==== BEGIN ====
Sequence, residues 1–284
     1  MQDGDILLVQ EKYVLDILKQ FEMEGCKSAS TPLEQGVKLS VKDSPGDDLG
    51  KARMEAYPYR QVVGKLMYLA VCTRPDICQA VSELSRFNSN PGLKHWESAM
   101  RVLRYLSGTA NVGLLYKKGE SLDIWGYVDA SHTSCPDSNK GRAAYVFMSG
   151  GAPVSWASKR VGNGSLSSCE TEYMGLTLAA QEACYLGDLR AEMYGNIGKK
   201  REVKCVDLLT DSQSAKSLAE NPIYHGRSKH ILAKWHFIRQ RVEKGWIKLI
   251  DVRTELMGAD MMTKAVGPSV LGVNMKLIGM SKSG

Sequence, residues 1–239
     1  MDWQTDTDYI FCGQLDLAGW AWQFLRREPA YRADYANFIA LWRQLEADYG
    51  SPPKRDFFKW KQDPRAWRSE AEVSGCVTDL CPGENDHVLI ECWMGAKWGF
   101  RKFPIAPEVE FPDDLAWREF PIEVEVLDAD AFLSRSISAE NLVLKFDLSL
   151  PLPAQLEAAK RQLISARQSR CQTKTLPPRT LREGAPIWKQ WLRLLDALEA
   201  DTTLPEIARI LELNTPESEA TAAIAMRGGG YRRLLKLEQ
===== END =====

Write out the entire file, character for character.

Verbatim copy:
Sequence, residues 1–284
     1  MQDGDILLVQ EKYVLDILKQ FEMEGCKSAS TPLEQGVKLS VKDSPGDDLG
    51  KARMEAYPYR QVVGKLMYLA VCTRPDICQA VSELSRFNSN PGLKHWESAM
   101  RVLRYLSGTA NVGLLYKKGE SLDIWGYVDA SHTSCPDSNK GRAAYVFMSG
   151  GAPVSWASKR VGNGSLSSCE TEYMGLTLAA QEACYLGDLR AEMYGNIGKK
   201  REVKCVDLLT DSQSAKSLAE NPIYHGRSKH ILAKWHFIRQ RVEKGWIKLI
   251  DVRTELMGAD MMTKAVGPSV LGVNMKLIGM SKSG

Sequence, residues 1–239
     1  MDWQTDTDYI FCGQLDLAGW AWQFLRREPA YRADYANFIA LWRQLEADYG
    51  SPPKRDFFKW KQDPRAWRSE AEVSGCVTDL CPGENDHVLI ECWMGAKWGF
   101  RKFPIAPEVE FPDDLAWREF PIEVEVLDAD AFLSRSISAE NLVLKFDLSL
   151  PLPAQLEAAK RQLISARQSR CQTKTLPPRT LREGAPIWKQ WLRLLDALEA
   201  DTTLPEIARI LELNTPESEA TAAIAMRGGG YRRLLKLEQ